“TETTEH NTENI” investigates the rich tapestry of Clottey’s familial heritage, tracing back to the migration of his forefathers from Jamestown to Labadi. In a new series of works, Clottey paints portraits over collaged, hand-written lottery tickets. These paintings are imbued with a combination of the complex impacts and influences of capitalism, notions of winning and losing, determination, disappointment, and intricately interwoven personal family narratives of migration, settlement, and displacement.

Central to the exhibition are two striking installations of Clottey’s plastic tapestries that offer poignant insights into his artistic process and the familial ties that underpin his work. The first installation is a dynamic collage, mirroring the bustling activity of his studio space. Here, artworks are meticulously folded, rolled, bound, or stored. The second installation serves as a powerful testament of the lasting impact of Clottey’s ancestors. Drawing inspiration from the pillars upholding his family’s estate in Labadi, it represents the fundamental origins of migration and establishment. While Clottey’s family didn’t originate from Labadi, their trading pursuits resulted in settling there through a verbal agreement, symbolizing the profound connections formed in the realm of trade. These pillars, beyond offering shelter from intense heat, endure as symbolic representations of resilience and steadfast determination.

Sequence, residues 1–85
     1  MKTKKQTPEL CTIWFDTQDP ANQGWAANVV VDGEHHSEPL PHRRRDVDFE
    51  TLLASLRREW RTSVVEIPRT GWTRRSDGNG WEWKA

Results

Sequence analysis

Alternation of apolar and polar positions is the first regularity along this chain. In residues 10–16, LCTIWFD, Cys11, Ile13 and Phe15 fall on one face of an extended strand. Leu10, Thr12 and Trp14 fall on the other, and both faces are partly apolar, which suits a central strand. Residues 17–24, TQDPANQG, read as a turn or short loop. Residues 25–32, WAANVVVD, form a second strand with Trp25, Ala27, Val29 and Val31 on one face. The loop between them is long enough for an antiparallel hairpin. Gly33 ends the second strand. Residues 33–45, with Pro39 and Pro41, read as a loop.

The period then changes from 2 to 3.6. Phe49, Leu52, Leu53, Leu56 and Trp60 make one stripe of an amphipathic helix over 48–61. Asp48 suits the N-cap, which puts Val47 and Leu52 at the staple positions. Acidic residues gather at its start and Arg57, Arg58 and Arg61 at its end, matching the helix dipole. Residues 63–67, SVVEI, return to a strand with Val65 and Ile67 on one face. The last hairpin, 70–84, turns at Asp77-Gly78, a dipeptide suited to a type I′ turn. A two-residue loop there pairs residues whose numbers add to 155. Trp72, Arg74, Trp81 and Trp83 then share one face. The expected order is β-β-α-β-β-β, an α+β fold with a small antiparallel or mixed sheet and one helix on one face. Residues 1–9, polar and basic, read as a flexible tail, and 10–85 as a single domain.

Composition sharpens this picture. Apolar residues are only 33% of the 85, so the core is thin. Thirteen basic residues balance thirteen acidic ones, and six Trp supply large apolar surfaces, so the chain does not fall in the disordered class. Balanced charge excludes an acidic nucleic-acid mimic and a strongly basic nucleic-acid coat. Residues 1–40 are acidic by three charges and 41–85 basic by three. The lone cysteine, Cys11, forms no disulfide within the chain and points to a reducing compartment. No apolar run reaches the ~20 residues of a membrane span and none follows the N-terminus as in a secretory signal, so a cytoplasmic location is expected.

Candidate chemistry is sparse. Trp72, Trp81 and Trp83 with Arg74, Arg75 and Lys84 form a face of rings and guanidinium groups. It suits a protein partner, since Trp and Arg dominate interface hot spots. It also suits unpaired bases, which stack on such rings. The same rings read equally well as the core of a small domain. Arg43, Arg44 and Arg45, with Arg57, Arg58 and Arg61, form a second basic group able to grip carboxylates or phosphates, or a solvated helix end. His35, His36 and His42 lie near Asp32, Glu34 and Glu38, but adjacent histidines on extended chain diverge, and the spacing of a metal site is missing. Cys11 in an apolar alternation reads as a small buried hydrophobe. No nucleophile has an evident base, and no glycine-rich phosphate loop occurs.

Clottey’s exhibition is a retrospective exploration through the use of varied materials and a profound engagement with community and the transformative power of familial spaces. Through this exhibition, Clottey invites viewers to delve into this history, to explore the ancestral roots that have inspired generations of artistic expression, and to witness the culmination of his creative journey thus far.

Serge Attukwei Clottey studied at Ghanatta College of Art and Design, Accra and Escola Guignard, Belo Horizonte in Brazil. He received an Honorary Doctor of Art from the University of Brighton. He has exhibited internationally at such venues as Dakar Biennale, Senegal; Desert X Biennial, Palm Desert, CA, and AlUla, Saudi Arabia; Kew Gardens, London, UK; Palm Springs Art Museum, Palm Springs, CA; Venice Biennale of Architecture, Venice, Italy; The Eden Project, Cornwall, UK; The Line, London, UK; The Mistake Room, Los Angeles, CA; Vestfossen Kunstlaboratorium Foundation, Norway. Clottey recently completed a commissioned portrait for King Charles III as part of the Windrush: Portraits of a Pioneering Generation project exhibited at the National Portrait Gallery in London, UK. Recent solo exhibitions include Simon Lee Gallery, London, UK; Duarte Sequeira, Braga, Portugal; Brigade, Copenhagen, Denmark; Gallery 1957, Accra, Ghana/London, UK; Simchowitz, Los Angeles, CA. Clottey’s work resides in several public collections, including Grand Valley State University Art Gallery, MI; Kalamazoo Institute of Arts, MI; Kunstmuseum Arnhem, Netherlands; Modern Forms, UK; Museum of African Contemporary Art, Morocco; Nubuke Foundation, Ghana; Palm Springs Art Museum, CA; Seth Dei Foundation, Ghana; The World Bank Collection, Washington D.C.; Tucson Museum of Art, AZ.